Sep. 20, 2011 at 8:02 PM ET
Netflix' new name for its DVD rental-by-mail service is being received with mixed results (including the Twitter account holder who uses that name, a teen). Brand-naming company Strategic Name Development did some "qwik" research Monday, the day Qwikster was announced, interviewing 500 consumers.
"Perhaps due to its created and unusual spelling, more than a third of consumers view the Qwikster name as contemporary," said Strategic Name Development. "But more importantly, to the Qwikster's name detriment, an equal number (36 percent) consider the Qwikster name 'easily confused with similar names.' "
While 57 percent said they consider the name ideal for a "service that is faster than any other alternative," not everyone felt that way, including 11 percent who said Qwikster's a good handle for "a service that helps you hook-up with the opposite sex."
Here's some "representative" quotes gathered by the Minneapolis-based company:
Reminds me of Napster and we all know what happened to them."
Sounds like the game site winster.com
You misspelled Twitter.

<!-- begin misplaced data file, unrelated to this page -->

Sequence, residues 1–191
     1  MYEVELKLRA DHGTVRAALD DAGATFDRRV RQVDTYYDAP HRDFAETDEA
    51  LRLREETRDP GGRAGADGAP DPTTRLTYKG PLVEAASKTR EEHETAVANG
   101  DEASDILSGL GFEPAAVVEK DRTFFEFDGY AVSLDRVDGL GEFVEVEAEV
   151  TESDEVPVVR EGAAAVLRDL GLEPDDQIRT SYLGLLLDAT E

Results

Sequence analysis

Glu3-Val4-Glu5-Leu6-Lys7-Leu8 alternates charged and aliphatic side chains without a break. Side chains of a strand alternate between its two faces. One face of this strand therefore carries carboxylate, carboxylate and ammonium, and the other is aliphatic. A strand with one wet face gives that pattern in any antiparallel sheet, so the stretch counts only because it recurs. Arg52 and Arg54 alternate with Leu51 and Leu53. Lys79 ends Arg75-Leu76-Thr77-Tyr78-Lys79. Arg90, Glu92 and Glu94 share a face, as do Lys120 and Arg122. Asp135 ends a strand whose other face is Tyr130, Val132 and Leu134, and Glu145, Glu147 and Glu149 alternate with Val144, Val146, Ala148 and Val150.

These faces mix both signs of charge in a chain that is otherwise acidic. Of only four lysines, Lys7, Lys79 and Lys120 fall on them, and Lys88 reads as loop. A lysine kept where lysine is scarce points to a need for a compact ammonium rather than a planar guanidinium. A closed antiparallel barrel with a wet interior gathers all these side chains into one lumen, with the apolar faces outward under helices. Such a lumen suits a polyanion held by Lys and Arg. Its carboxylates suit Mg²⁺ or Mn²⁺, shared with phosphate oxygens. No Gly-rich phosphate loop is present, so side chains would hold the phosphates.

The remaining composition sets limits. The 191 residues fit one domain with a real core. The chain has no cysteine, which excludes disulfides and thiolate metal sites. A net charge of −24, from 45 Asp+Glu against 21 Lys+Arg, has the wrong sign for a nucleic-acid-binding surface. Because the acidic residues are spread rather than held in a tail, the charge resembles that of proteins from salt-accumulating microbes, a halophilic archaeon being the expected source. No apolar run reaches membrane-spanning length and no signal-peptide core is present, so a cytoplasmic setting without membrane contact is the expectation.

Makes me think of the Nestle chocolate drink.
Quixtar comes to mind.
Others said the name sounds just plain "tacky," "really corny" and "more like a children's toy."
Many felt that Netflix should have kept the Netflix name for its DVD service, and given Qwikster to the streaming service. The Qwikster name, said one, "... has nothing to do with the movies."
"They should have Flix in the name, Mailflix, Dvdflix," said another.
"Qwikster is so generic it could be anything and has no chance of becoming a household name," was yet another opinion.
Good points all. Still, it might be good to remember another fairly recent product that was introduced with an almost-odious name. It was called the iPad, and seems to have done fine.